The likelihood of military conflict between the United States and Iran is higher now than at any time in more than two decades, military analysts say, as tensions continue to escalate over Iran’s nuclear ambitions and blustery rhetoric.
While full-blown war might not be on the immediate horizon, the conditions for military skirmishes are as ripe as they’ve been since 1988, when Iran laid mines against U.S. ships in the Persian Gulf and the United States destroyed Iranian oil platforms in response.
“The probability of armed conflict between the United States and Iran is higher now than at any point since 1988, and the risk will only increase over the coming year as Iran’s nuclear program continues to develop,” said Matthew Kroenig, a fellow at the Council on Foreign Relations.
The recent incidents between Iran and the West provide a new backdrop for U.S. policy as Congress returns to the Capitol Tuesday and the 2012 presidential election season heats up.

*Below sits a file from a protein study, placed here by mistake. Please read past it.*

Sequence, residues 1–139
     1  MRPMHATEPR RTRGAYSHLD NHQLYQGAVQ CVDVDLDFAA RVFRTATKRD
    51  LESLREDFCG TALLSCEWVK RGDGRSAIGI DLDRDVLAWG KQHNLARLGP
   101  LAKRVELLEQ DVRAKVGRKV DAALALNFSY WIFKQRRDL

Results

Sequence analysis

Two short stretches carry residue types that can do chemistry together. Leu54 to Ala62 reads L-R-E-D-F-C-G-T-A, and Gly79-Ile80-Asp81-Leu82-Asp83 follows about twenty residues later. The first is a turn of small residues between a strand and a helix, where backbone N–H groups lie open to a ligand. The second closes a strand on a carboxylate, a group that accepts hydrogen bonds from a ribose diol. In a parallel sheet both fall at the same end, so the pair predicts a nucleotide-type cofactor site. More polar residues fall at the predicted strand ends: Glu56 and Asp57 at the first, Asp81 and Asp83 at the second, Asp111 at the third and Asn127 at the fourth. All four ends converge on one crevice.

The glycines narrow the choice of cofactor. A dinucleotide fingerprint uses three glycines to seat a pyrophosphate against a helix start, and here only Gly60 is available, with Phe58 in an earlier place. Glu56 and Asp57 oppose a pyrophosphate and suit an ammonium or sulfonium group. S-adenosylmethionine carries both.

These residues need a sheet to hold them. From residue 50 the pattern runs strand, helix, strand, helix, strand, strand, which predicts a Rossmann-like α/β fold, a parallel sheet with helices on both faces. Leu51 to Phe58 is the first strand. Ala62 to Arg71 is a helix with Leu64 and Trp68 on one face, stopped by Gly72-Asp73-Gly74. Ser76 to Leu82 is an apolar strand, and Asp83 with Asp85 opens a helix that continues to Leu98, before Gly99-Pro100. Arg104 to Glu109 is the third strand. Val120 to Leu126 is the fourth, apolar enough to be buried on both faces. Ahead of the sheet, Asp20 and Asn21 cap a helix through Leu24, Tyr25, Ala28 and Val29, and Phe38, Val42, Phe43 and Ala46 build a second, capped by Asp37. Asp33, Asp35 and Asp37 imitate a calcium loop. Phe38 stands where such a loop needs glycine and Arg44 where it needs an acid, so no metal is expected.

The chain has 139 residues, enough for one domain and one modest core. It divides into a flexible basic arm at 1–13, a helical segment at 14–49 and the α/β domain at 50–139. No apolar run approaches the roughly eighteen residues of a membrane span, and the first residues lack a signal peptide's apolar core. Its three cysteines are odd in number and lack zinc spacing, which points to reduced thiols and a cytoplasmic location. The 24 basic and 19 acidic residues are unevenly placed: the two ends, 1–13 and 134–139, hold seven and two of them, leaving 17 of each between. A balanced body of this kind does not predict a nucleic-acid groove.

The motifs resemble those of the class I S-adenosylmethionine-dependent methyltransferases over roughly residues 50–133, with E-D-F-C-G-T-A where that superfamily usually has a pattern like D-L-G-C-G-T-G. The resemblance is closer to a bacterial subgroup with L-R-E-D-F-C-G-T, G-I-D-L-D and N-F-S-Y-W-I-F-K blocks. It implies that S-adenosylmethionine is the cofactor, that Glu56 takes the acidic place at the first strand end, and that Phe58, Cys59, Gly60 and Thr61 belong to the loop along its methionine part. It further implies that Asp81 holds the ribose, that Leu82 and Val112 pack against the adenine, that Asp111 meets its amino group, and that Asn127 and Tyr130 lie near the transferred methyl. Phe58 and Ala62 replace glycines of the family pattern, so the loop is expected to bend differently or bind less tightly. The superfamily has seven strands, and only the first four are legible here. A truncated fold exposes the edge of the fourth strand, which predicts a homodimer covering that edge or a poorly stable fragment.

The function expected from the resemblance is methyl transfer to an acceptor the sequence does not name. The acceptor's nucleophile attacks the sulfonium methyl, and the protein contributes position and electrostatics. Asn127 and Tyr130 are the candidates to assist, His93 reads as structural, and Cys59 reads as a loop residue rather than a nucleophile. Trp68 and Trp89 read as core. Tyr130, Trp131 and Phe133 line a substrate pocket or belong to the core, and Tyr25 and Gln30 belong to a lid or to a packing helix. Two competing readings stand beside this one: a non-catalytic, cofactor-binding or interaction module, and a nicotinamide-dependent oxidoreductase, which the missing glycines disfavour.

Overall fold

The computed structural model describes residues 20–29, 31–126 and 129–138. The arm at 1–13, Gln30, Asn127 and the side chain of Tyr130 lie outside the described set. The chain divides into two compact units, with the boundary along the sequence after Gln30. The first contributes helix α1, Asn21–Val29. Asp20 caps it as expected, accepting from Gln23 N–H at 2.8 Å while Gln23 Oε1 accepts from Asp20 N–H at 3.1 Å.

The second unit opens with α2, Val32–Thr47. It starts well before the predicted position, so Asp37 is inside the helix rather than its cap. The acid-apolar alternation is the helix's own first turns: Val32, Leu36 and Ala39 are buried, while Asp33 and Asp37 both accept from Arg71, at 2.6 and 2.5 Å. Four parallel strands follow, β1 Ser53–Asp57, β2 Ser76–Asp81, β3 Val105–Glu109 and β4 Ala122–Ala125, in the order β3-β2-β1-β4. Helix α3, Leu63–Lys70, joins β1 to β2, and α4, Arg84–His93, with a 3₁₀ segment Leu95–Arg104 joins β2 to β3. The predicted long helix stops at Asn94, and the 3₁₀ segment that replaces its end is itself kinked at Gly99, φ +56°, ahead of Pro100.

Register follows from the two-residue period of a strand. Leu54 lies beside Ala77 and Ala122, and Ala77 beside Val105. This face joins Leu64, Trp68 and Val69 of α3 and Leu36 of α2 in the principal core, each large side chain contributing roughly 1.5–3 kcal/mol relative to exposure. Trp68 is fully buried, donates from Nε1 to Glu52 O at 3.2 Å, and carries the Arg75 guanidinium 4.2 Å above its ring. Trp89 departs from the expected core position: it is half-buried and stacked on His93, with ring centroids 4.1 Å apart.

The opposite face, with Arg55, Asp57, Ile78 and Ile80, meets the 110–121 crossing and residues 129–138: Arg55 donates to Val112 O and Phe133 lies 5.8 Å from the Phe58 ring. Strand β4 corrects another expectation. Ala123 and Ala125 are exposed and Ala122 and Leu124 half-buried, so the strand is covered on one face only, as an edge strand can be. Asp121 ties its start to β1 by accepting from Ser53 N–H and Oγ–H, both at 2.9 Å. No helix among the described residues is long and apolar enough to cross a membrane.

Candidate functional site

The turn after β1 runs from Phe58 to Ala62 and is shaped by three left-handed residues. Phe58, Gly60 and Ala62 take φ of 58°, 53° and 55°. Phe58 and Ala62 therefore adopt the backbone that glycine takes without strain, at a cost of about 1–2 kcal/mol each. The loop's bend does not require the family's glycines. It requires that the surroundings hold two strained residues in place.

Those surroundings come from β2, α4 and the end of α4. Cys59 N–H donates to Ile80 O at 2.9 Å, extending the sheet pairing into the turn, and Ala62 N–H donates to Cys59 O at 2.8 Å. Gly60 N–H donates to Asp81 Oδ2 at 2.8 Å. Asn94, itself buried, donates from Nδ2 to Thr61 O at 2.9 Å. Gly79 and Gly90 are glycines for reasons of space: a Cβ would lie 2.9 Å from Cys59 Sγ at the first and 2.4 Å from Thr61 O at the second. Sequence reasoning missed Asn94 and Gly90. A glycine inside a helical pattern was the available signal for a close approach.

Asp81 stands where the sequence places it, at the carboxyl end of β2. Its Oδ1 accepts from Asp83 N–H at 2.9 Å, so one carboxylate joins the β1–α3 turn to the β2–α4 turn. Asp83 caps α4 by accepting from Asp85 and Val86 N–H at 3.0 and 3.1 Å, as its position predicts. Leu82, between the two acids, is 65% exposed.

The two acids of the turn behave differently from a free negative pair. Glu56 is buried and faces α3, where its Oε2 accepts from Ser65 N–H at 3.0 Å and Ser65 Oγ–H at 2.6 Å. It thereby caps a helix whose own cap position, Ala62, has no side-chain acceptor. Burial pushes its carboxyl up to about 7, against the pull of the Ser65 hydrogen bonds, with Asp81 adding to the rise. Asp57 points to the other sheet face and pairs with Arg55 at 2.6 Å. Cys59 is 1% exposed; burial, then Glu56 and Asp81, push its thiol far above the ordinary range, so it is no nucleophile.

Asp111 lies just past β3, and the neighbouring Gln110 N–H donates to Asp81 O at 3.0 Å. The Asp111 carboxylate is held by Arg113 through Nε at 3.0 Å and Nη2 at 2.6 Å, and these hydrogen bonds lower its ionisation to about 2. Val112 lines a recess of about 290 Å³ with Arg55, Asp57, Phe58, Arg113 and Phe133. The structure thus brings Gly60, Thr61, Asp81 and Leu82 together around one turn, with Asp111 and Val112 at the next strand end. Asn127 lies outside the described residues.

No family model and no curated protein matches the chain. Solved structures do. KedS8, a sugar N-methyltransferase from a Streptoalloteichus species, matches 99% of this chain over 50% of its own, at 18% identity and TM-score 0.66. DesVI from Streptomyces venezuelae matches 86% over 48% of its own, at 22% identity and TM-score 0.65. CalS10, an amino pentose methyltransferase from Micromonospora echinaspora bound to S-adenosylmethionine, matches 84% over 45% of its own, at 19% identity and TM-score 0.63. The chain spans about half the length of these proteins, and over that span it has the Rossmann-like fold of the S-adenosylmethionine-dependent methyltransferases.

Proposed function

The House Armed Services Committee is holding a closed-door briefing Wednesday on Iran, according to committee officials.
The presidential race has been poised to be an election on domestic issues and the economy, but Iran could change the political calculus. The tensions also could threaten the foreign-policy record President Obama has built during his first three years, if Iran were to execute a former U.S. Marine it has sentenced to death, for instance, or if Israel launched a unilateral strike.
“Iran can change the subject,” said Michael Rubin, a resident scholar at the American Enterprise Institute. “Obama may want to make this about domestic issues, and the Republicans may want to make this about domestic issues — the Iranians can certainly throw a wrench into that.”